Tennessee-Ohio State: Vols Advance to First Elite Eight Appearance

Stephen KasperCorrespondent IMarch 26, 2010

ST. LOUIS - MARCH 26:  :  J.P. Prince #30 of the Tennessee Volunteers congratulates Wayne Chism #4 after he scored a basket against the Ohio State Buckeyes during the midwest regional semifinal of the 2010 NCAA men's basketball tournament at the Edward Jones Dome on March 26, 2010 in St. Louis, Missouri. Tennessee defeated Ohio State 76-73.  (Photo by Elsa/Getty Images)
Elsa/Getty Images

The Tennessee Volunteers played their hearts out against the Ohio State Buckeyes—and they earned a trip to their first Elite Eight appearance in school history.


Throughout the entire game, it was a hard-fought battle—but in the end, Tennessee wanted it more.


Tennessee showed more poise and determination against the Buckeyes. The Vols had more ball movement, more points in the paint, way more rebounds, and more alley-oops from half court—and it equaled more points at the end of the game.


Ohio State had three guys go the full 40 minutes of the game, and the Buckeyes only used two bench players—three less than the 10-man rotation coach Bruce Pearl used with his Volunteers.


I was still impressed with how hard the Buckeyes played using so few players. As hard as they played, they just couldn’t get used to the constant rotation Tennessee threw at them.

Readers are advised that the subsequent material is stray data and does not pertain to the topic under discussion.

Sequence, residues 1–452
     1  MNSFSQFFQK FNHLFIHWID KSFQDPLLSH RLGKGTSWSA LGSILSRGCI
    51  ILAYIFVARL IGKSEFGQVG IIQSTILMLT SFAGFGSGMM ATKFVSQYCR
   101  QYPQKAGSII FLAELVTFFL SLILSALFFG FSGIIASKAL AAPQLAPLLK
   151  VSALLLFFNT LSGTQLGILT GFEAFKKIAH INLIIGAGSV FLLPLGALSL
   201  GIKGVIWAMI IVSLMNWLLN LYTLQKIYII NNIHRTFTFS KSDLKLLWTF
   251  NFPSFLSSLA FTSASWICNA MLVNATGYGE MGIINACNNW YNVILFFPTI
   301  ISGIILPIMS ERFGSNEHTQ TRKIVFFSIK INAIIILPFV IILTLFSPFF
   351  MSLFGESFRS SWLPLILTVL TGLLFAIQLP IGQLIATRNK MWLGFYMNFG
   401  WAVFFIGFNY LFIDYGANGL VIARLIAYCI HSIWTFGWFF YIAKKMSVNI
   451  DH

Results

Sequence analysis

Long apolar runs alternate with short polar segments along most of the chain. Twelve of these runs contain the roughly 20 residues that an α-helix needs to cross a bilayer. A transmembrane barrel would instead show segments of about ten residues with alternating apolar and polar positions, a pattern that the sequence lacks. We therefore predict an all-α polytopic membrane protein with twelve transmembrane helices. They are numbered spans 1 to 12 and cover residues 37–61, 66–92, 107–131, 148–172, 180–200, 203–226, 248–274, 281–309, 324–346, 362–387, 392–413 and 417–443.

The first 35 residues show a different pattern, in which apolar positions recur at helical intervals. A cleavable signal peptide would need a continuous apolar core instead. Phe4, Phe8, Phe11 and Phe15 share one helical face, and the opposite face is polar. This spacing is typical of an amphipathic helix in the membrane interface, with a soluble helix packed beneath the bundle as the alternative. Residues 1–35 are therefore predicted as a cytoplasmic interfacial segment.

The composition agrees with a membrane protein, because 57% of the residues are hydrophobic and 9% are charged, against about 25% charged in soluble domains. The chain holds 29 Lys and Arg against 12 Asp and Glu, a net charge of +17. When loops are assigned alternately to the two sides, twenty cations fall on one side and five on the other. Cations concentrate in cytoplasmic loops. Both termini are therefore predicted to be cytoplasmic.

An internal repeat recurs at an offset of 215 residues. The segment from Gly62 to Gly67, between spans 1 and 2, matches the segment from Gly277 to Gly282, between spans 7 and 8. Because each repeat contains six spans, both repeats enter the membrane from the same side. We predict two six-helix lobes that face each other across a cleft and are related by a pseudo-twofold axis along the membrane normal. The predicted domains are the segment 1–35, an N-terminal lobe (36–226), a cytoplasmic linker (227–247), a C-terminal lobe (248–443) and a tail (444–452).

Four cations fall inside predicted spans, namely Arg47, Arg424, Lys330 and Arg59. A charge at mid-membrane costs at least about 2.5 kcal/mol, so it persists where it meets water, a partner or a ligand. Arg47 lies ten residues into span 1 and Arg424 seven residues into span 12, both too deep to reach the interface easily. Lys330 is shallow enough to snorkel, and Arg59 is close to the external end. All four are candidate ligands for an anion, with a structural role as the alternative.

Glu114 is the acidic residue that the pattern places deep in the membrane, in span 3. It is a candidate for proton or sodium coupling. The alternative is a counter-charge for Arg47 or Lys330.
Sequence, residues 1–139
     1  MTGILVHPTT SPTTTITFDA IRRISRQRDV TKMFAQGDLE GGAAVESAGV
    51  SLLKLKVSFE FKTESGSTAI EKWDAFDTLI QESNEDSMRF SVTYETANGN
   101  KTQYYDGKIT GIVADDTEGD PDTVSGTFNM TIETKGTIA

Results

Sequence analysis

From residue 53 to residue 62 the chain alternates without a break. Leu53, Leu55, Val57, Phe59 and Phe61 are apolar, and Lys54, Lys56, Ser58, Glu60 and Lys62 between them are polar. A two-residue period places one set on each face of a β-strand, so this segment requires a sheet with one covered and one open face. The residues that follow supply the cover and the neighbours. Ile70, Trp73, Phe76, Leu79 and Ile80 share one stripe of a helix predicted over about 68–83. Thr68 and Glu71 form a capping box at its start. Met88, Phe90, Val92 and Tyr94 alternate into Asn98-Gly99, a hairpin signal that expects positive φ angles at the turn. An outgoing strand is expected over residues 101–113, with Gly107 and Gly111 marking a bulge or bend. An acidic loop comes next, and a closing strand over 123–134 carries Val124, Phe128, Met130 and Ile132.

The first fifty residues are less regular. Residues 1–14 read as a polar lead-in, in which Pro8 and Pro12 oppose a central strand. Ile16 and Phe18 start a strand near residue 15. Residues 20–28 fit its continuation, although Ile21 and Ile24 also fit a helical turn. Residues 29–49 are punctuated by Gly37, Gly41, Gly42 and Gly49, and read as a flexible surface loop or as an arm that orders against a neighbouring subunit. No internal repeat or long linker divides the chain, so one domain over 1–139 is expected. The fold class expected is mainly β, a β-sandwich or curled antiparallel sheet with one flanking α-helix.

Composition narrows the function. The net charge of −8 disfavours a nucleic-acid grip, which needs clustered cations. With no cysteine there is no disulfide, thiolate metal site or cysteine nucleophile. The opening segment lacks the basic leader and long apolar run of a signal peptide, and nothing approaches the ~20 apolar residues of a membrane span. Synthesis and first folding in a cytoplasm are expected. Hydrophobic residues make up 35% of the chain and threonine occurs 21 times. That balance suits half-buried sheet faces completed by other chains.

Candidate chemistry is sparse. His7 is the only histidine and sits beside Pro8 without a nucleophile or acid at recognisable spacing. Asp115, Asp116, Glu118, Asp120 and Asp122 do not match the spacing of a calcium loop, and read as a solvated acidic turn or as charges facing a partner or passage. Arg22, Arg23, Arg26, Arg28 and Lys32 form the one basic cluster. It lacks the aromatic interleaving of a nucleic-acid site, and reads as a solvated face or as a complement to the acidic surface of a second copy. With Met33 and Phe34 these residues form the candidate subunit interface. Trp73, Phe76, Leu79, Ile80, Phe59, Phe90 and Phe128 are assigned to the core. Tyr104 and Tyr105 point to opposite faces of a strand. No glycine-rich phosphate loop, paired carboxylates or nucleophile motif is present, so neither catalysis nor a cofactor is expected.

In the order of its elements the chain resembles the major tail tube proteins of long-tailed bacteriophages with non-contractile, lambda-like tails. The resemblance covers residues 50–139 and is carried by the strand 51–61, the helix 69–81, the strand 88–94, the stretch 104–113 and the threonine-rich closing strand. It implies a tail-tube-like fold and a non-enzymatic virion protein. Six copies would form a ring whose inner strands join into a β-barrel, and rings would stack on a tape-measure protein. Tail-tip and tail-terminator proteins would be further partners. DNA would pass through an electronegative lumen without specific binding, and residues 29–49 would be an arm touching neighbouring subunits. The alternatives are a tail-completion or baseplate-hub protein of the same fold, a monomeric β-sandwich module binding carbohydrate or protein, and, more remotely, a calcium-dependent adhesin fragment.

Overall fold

Every time Ohio State would get a good tempo going on offense or defense, Tennessee would throw a different player into the mix—which made just enough difference to throw off the Buckeyes game. Even with the rotation headaches, Ohio State had a narrow lead for the majority of the game.


Ohio State unleashed its secret weapon in the second half: Evan Turner. One of the players who played the entire game, Turner finished with 31 points and seven rebounds.


All through the second half, he seemed unstoppable. It didn’t matter who was guarding him, he always seemed to hit—and every time he did, every Vols fan got a little bit more worried.


Tennessee had a secret weapon of their own, though.


Wayne Chism took over for the Vols in the second half, finishing with 22 points and 11 boards. Call it superstition, but when Chism took off his headband early in the second half, he transformed into a totally different player. Chism took the lead of his team—and he showed his teammates the way to the Elite Eight.


Helping Chism take control of the game were big man Brian Williams and lefty JP Prince. Williams had 12 rebounds, combining with Chism for more boards than the entire Buckeyes team. Not to mention, he also hit the go-ahead basket with 12 seconds to go in the second half.


Prince finished with six assists and 14 points, including throwing down a dunk from a half-court alley-oop that started Tennessee’s momentum boost early in the first half.


So what does all this mean? It means that as amazing as Turner is, he couldn’t beat Tennessee by himself.


And even though the Buckeyes played great and showed a few scary moments to Tennessee, the Volunteers finished on top—and they will face the winner of Northern Iowa and Michigan State on Monday.